Why not taking risks is risky


NOT taking risks IS risky…

People are often afraid to take risks and go after what they really want. They keep waiting for the right time or the right opportunity. However, perfect timing doesn’t exist.

You’ll never feel 100% ready to write a book, create a side business or ask that man or woman out. And if you wait for the perfect time, you’ll likely wait for the rest of your life.

You may believe that playing it safe is the way to go. However, I would like to offer you another perspective. I would argue that everything in life is risky including not taking risks. Yes, not taking any risk also comes at a high cost.

This cost can be:

  • The unhappiness resulting from staying at a job you hate for years or decades
  • The lack of self-esteem coming from selling yourself short and not going after what you want
  • The regrets of not having lived your life to the fullest wondering who you could have become

That’s why I like to say that not taking risks is risky.

Most people, by not taking enough calculated risks are dramatically reducing their chances of living the life they want. For instance:

  • They refuse to invest their money because it’s too risky. What if I lose all my money? What if I get scammed? Again, we’re talking about calculated risks here. There are many ways to mitigate your risks and make sure you don’t lose your money but grow it long-term.
  • They refrain from investing in courses, books or seminars because it’s too expensive. What if I buy a course and it doesn’t work for me? What if it’s a scam? There are many things you can do to avoid being scammed. That’s also unrealistic to expect that all the courses, books or seminars you invest in will bring you the results you want. Some will, others won’t.
  • They don’t try anything new because they might fail. Successful people tend to fail far more than the average person. They understand failure is part of the process we call “success” and keep trying and improving until they find something that works. Often, their original idea doesn’t work, but they end up finding another one that works (and that might be even better). There is no success without failures.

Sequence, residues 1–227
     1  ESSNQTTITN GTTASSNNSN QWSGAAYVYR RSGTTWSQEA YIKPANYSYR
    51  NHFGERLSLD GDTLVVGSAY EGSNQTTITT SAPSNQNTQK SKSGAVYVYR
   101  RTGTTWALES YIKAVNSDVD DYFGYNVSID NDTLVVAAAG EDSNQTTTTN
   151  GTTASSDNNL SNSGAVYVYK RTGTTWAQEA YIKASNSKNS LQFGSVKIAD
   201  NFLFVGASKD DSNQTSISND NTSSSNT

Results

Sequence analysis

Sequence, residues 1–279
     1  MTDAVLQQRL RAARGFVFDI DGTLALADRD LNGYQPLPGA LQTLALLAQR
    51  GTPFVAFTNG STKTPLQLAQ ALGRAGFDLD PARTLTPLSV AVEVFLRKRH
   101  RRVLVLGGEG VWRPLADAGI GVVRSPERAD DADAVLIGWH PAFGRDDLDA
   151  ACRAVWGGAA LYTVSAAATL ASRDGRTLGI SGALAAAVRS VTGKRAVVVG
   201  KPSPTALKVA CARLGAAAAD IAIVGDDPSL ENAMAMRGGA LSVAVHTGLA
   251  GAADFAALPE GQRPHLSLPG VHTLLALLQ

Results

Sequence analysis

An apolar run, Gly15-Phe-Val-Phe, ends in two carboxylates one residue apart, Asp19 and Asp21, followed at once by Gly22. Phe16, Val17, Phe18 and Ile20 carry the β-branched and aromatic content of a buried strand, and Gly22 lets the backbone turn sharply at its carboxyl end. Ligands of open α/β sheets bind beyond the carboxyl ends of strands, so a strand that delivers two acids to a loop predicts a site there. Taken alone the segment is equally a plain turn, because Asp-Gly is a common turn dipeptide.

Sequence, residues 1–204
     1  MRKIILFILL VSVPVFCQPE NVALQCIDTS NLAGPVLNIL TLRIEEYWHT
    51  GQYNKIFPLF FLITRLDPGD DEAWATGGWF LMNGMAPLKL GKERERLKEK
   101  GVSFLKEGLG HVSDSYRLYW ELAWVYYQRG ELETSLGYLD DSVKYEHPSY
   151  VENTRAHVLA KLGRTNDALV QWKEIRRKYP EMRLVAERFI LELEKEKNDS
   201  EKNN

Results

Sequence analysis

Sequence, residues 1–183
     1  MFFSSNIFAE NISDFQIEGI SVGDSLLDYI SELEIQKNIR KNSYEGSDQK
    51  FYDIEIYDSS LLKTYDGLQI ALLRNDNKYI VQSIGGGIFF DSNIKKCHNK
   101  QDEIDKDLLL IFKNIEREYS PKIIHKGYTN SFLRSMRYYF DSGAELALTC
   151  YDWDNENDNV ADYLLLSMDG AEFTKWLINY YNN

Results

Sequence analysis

Now, I’m not saying you should quit your job tomorrow or do anything silly that would put your life in jeopardy.

But I would encourage you to take calculated risks and to think in term of probabilities NOT certainties.

You see, many people want guarantees before starting anything. They say things like:

  • Can you guarantee me that I won’t lose money with this investment?
  • Can you guarantee me that this product will work for me?
  • Can you guarantee me that this coaching program will bring me the results I’m after?

The truth is that there is no guarantee in life. But it is your responsibility to try things out until you achieve the results you want. It is your responsibility to maximize your chances of success by taking calculated risks.

Now, I want to share with you 4 things to help you take calculated risks:

1. Calculate probabilities.

Taking calculated risks means that you understand the risks and are willing to take them. While your chances of success might be slim, you may be fine with that. Just make sure you always know what you’re getting yourself into. You cannot take calculated risks unless you understand the risks involved.

2. Assess your risk profile.

How much risk are you willing to take?

For instance, if you’re in your early twenties, losing money from a high risk/high reward investments might be okay, but if you’re about to retire it isn’t. If you’re single, leaving your 9-to-5 job is less risky than if you have a family to take care of.

3. Evaluate pros and cons.

What are the consequences if you don’t take risk? What’s the emotional cost? What are the risks if you do?

For instance, while people thought I was crazy to quit my well-paid job, I didn’t see it that way. For me, staying was risky. The cost to pay was unhappiness and I wasn’t willing to pay that price any longer.

The pros were regaining my sanity and having more freedom. The cons were not having a paid check at the end of the month and having difficulties finding a similar well-paid job in the future (if I were to fail with my business).

4. Mitigate risks.

What can you do to limit the risks?

For instance, rather than leaving your day job tomorrow to create your own business, you can start a side hustle and test your business ideas first.

Personally, the way I mitigate risks was by saving money and starting my business as a side hustle. I had already put a few books out there and had received enough feedback to know I could make it.

Also, I was single and had a strong passion for my venture (and none for my job) so it didn’t feel like a big risk.

Now, was my success guaranteed?


But in my mind, I was over 90% confident I would. Thus, it was a calculated risk NOT a crazy move.

What about you? What calculated risks could you take in your life right now? If you were to die today, what will you regret not having tried?

Remember, not taking any risk is risky. You might not pay the price now, but you will often pay it later.

Life is about managing risk, not avoiding taking any.

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